Abby earned a BS in wildlife management from the University of Georgia in 2012. Since graduating, she has conducted surveys with the Army Corps of Engineers, managed invasive plants for the National Park Service, and interned with the U.S. Fish and Wildlife Service. Abby hopes to one day pursue a master’s degree in wildlife management and make a career as an endangered species biologist. She began working at McGraw in early 2014.

Field Technician, Max McGraw Wildlife Foundation

Lauren earned a BS degree in Wildlife Science and Conservation Ecology from New Mexico State University in 2010. Since graduating she has worked with multiple species across the country and in Africa. Her goal is to pursue a masters degree in wildlife conservation with a focus on carnivore ecology. She hopes to one day be able to work on carnivore conservation projects all over the world. Lauren began at McGraw in March 2016.

PhD Student, The Ohio State University

Katie earned a BS degree in Zoology with a minor in Biotechnology from North Carolina State University in 2012. As an undergraduate, she participated in a variety of wildlife research projects that prepared her for her current PhD work with The Ohio State University School of Environment and Natural Resources Department. Her research focuses on urban coyote ecology within the Chicago metropolitan area. More specifically, she is examining relationships between coyote habitats, behavior, and stress hormones to place coyotes along a bold-shy “personality” spectrum. Behavioral research currently being conducted as part of her study include flight initiation distance tests and novel object tests. The data collected will later be compared to the overall successes of coyotes in urban, suburban, and forest preserve settings to determine whether some behavioral/physiological adaptations are more beneficial to coyotes within certain habitats. Read more about Katie's research.

Ashley holding sedated coyote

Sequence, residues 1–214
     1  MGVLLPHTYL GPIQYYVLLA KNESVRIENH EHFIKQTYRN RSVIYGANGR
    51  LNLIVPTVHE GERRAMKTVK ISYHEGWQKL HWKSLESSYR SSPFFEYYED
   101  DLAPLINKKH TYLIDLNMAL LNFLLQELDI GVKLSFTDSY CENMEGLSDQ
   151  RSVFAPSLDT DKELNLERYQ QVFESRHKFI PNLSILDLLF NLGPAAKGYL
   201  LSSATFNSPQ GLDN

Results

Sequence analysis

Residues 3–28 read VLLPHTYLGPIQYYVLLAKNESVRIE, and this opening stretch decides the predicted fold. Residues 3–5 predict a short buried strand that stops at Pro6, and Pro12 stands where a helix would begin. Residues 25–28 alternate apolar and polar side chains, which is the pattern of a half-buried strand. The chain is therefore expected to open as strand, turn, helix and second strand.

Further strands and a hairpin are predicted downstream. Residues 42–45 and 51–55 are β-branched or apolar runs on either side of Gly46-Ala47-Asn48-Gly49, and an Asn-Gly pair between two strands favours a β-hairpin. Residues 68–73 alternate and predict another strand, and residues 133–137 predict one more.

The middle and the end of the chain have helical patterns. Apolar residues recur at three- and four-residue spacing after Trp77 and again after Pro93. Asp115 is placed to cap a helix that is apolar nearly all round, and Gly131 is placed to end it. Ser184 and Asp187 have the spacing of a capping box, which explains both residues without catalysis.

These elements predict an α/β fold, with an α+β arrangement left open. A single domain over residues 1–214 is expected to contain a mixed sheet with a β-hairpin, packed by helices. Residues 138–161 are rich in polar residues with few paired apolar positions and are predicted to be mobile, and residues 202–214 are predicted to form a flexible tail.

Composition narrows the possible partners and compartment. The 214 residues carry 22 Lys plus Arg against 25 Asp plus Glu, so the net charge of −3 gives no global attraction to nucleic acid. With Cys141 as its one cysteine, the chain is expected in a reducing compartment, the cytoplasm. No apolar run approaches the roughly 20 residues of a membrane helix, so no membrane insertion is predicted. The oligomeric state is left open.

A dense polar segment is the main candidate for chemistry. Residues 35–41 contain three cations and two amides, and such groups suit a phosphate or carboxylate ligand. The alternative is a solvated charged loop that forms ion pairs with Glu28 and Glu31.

PhD Student, The Ohio State University

Ashley Wurth graduated from Colorado State University in 2013 with a BS in Fish, Wildlife, and Conservation Science and a BS in Equine Science. She is currently working on her PhD through The Ohio State University School of Environment and Natural Resources Department, conducting her research through Dr. Gehrt’s wildlife lab. The focus of her research involves the connections between coyote behavior, genetics, and ecology. Her objectives are to determine if coyotes exhibit behavioral differences, if genetic markers are present for bold and aggressive behavior, if the environment selects for certain behavior or genes, and how behaviors and genetics influence other aspects of coyote ecology and survival. Read more about Ashley's research.

Evan Wilson
Research Assistant

Evan has been long involved with the coyote research program. Having plenty of field experience prior to beginning at McGraw, he started with our project as a technician and "ended" with a MS degree, investigating the presence of sarcoptic mange in the coyote population. He then spent 2013 working on manuscripts and analyzing data after finishing his thesis. Evan devoted countless hours to many projects even while focused on his studies. Although he will still be working on some elements of the research, we wish him the best as he moves into a PhD position studying wildlife population dynamics in Madison, WI.

Heidi Garbe and pup
Research Assistant, The Ohio State University

Heidi is a graduate of the University of Illinois Urbana-Champaign, first majoring in biology before earning her BS in Animal Science. She has been involved with a broad range of animals in many fields from domestics to exotics, coordinating multiple projects and elevating standards in animal care. She was the Associate Research Scientist at the Max McGraw Wildlife Foundation from 2011-2013 before joining Dr. Gehrt in 2014 with The Ohio State University as a project support researcher.


Dr. Jean Dubach has provided genetic research support to the Cook County Coyote Project for many years. Her research interests are broad but include looking at parasitology as it relates to genetics. She currently operates her conservation genetics lab within the Loyola University Hospital System, providing analytical genetic services to zoos around the world for population management and taxonomic identification.

Dr. Tom Meehan and Dr. Mike Kinsel

We could not provide the quantity and quality of details on animal health without the expertise of Dr. Tom Meehan (Veterinarian, Brookfield Zoo) and Dr. Mike Kinsel (Zoo Pathology Program, University of Illinois). 

Former research associate Justin Brown, after just catching 434 for collaring

Coyote 434 is a good example of how human behaviors, such as feeding wildlife, can result in coyotes becoming a nuisance. 434 was captured on February 18, 2010, in a marsh surrounded by a subdivision and miles of urbanization. She was a young female, approximately 10 months old, and weighed 13.1 kg. Although this was the peak of the breeding season, she was not in breeding condition. A GPS collar was placed on coyote 434, which means that she was located by satellites on an intensive schedule (at times, this was every 10 minutes, other times every hour).